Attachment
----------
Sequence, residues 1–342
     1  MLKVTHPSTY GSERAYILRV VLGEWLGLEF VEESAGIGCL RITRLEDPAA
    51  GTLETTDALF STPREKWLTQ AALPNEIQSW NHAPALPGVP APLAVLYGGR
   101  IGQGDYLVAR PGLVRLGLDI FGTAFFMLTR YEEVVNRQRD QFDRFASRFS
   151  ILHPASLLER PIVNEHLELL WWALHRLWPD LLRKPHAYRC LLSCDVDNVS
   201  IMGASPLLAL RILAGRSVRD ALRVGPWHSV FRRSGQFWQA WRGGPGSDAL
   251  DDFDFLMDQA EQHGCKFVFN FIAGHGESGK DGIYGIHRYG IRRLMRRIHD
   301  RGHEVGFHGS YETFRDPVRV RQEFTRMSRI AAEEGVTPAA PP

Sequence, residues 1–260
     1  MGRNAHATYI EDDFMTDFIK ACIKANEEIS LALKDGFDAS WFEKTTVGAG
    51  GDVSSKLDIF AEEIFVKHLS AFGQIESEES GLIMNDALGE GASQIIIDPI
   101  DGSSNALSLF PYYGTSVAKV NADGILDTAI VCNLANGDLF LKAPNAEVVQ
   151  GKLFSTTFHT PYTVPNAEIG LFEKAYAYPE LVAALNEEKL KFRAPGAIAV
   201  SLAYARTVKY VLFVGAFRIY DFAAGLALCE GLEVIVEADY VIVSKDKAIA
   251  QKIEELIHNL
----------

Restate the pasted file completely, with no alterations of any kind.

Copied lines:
Sequence, residues 1–342
     1  MLKVTHPSTY GSERAYILRV VLGEWLGLEF VEESAGIGCL RITRLEDPAA
    51  GTLETTDALF STPREKWLTQ AALPNEIQSW NHAPALPGVP APLAVLYGGR
   101  IGQGDYLVAR PGLVRLGLDI FGTAFFMLTR YEEVVNRQRD QFDRFASRFS
   151  ILHPASLLER PIVNEHLELL WWALHRLWPD LLRKPHAYRC LLSCDVDNVS
   201  IMGASPLLAL RILAGRSVRD ALRVGPWHSV FRRSGQFWQA WRGGPGSDAL
   251  DDFDFLMDQA EQHGCKFVFN FIAGHGESGK DGIYGIHRYG IRRLMRRIHD
   301  RGHEVGFHGS YETFRDPVRV RQEFTRMSRI AAEEGVTPAA PP

Sequence, residues 1–260
     1  MGRNAHATYI EDDFMTDFIK ACIKANEEIS LALKDGFDAS WFEKTTVGAG
    51  GDVSSKLDIF AEEIFVKHLS AFGQIESEES GLIMNDALGE GASQIIIDPI
   101  DGSSNALSLF PYYGTSVAKV NADGILDTAI VCNLANGDLF LKAPNAEVVQ
   151  GKLFSTTFHT PYTVPNAEIG LFEKAYAYPE LVAALNEEKL KFRAPGAIAV
   201  SLAYARTVKY VLFVGAFRIY DFAAGLALCE GLEVIVEADY VIVSKDKAIA
   251  QKIEELIHNL